MBA Study Shows Mortgage Banker Production Profits Marginally Improved in 2008, Helped by Changes in Product Offerings
“Many independent mortgage companies and bank subsidiaries made radical changes in their product offerings in order to remain alive in 2008,” said Marina Walsh, MBA’s Associate Vice President of Industry Analysis. “Among this group, the government share of total originations, mainly FHA loans, was 45 percent in the second half of 2008, compared to less than ten percent the year before. Small and mid-sized mortgage bankers were able to quickly respond to changing secondary market conditions as they had the flexibility to realign their business models toward FHA business and it was a key to their profitability.”
Among the principal findings of the MBA report are:
• The average firm posted pre-tax net financial income of $0.7 million in 2008, compared to $0.9 million in 2007 and $6.4 million in 2006. Fifty-nine percent of the firms in the study posted pre-tax net financial profits. The remaining forty-one percent – primarily firms with asset sizes less than $10 million – posted overall net financial losses.
• Mortgage banking production profits were 8.75 basis points, or $184 per loan. These profits were a modest improvement over the previous two years (2006-2007) in which net losses of around $50 and $560 were reported respectively. Many firms that were not profitable in production exited the market in 2007 and 2008, so the increase in profitability may be partly driven by having only the surviving firms in the survey.
• In 2007, loan origination and ancillary fees grew on a per-loan basis, but they did not keep pace with production operating expenses. However, in 2008, loan origination and ancillary fees continued to grow, and compensated for continued per-loan increases in production operating expenses. As a result, the “net cost to originate” fell to $2,291 per loan in 2008. The “net cost to originate” includes all origination operating expenses and commissions minus all fee income, but excludes secondary marketing gains, capitalized servicing, servicing released premiums and warehouse interest spread.
• The average pull-through rate (number of loan closings to number of loan applications) was 56.6 percent.
• Net warehousing income, which represents the net interest spread between the mortgage rate on a loan and the interest paid on a warehouse line of credit, dropped to $148 per loan in 2008 from $175 per loan in 2007. Likewise, the average days in warehouse dropped to 15 days from 20 days in 2007, partly because the reduced availability of warehouse lines caused lenders to move loans out as quickly as possible.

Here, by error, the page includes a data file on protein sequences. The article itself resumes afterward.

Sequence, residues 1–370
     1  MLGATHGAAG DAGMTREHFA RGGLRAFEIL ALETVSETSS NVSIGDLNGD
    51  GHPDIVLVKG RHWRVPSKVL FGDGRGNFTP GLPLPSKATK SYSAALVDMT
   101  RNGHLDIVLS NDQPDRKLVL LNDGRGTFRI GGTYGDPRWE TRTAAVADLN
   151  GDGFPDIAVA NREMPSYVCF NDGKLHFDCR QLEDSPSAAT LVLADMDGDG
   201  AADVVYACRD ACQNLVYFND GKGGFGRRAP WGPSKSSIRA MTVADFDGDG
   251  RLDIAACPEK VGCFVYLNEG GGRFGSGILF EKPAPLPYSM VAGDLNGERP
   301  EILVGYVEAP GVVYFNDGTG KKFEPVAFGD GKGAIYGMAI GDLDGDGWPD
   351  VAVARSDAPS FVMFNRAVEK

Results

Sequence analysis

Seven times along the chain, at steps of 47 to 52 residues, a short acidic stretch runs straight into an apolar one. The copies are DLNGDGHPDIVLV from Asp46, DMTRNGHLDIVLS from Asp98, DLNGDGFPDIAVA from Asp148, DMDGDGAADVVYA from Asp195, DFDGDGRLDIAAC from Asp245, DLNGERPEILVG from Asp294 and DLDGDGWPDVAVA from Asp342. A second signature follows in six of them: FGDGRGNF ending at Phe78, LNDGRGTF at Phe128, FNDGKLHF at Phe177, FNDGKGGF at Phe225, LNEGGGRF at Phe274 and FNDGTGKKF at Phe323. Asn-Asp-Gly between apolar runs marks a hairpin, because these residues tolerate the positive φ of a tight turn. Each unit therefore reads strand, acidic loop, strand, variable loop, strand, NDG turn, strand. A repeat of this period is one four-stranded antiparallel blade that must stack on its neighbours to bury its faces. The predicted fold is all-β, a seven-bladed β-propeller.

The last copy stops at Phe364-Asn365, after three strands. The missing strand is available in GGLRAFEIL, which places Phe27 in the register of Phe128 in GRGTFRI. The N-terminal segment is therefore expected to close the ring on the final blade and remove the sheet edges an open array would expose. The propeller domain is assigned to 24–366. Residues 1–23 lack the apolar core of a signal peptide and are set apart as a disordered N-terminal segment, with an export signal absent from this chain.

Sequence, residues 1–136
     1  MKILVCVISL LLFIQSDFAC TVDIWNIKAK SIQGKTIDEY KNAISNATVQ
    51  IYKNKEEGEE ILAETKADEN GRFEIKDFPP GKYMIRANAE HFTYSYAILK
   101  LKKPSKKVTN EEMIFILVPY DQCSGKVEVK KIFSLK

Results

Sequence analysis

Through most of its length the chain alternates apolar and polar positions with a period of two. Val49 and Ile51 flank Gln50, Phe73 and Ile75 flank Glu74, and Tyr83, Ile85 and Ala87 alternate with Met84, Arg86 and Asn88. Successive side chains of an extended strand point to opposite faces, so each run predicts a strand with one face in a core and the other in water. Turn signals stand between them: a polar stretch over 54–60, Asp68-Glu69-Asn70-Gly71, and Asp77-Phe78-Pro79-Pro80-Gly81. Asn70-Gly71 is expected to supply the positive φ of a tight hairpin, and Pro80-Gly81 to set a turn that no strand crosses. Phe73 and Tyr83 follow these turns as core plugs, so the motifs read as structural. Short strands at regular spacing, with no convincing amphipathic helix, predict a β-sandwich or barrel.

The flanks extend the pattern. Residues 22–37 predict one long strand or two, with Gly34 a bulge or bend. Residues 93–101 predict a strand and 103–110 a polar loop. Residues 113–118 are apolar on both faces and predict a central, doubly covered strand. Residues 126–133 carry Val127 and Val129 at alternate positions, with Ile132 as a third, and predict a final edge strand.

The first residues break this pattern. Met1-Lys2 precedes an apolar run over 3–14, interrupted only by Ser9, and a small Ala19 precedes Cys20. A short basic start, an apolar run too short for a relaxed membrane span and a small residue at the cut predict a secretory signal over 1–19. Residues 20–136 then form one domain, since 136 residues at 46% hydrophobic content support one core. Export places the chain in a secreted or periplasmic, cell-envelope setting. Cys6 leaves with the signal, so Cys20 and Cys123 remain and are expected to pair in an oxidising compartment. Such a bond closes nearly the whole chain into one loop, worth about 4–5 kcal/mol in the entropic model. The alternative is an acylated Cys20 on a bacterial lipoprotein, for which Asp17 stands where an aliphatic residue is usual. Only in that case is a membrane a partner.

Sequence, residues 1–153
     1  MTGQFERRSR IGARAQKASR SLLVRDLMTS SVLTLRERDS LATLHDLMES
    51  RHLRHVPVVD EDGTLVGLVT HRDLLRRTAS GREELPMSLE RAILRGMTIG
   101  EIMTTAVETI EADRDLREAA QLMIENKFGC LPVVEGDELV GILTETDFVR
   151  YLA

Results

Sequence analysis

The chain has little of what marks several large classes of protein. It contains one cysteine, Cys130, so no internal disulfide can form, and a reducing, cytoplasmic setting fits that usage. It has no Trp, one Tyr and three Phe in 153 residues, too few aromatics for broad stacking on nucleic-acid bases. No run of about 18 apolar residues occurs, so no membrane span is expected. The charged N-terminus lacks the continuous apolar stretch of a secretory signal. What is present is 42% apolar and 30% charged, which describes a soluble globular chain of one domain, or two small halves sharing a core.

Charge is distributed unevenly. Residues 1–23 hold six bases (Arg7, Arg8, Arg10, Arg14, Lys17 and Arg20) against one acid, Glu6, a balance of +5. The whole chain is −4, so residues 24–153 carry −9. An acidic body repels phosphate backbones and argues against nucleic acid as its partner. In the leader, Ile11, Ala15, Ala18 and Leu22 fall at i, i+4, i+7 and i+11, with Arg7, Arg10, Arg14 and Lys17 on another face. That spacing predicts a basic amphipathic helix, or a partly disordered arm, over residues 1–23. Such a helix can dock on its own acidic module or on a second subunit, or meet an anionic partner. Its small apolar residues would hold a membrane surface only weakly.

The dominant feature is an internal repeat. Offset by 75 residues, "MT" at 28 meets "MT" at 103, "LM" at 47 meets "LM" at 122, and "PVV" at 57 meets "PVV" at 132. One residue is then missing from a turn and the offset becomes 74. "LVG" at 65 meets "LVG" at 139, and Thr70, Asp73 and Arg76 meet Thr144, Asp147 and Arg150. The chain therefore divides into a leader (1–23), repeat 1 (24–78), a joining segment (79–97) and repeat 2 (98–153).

• The change in product mix towards government loans helped improve net marketing income in 2008 because of the higher revenues associated with the government servicing assets. Net marketing income includes the gain or loss on the sale of loans in the secondary market, pricing subsidies and overages, as well as capitalized servicing and servicing released premiums.
• Servicing financial profits per loan dropped to an average loss of $19 per loan (or 1.24 basis points) from a $109 per loan profit in 2007. Many servicers reported mortgage servicing right impairments in the fourth quarter 2008, as interest rates dropped and refinancings ramped up.
MBA’s Annual Mortgage Bankers Performance Report replaces the former MBA Cost Study series. The report offers a variety of performance measures on the mortgage banking industry and is intended as a financial and operational benchmark for independent mortgage companies, bank subsidiaries and other non-depository institutions. Almost seventy-five percent of the 270 companies that reported production data for this report were independent companies. Overall, the average firm in the report originated about $500 million in 2008.
The underlying company data are derived from the quarterly Mortgage Bankers Financial Reporting “WebMB” Form. Through a joint agreement with the Mortgage Bankers Association, Fannie Mae, Freddie Mac and Ginnie Mae, the form and the definitions were recently revised. The revised form was used starting in the third quarter of 2008. As such, this year’s Annual Mortgage Bankers Summary Performance Report is reflective of annualized data from the third and fourth quarters of 2008 only.
Moving forward, there will be five performance report publications per year: four quarterly reports and one annual report.
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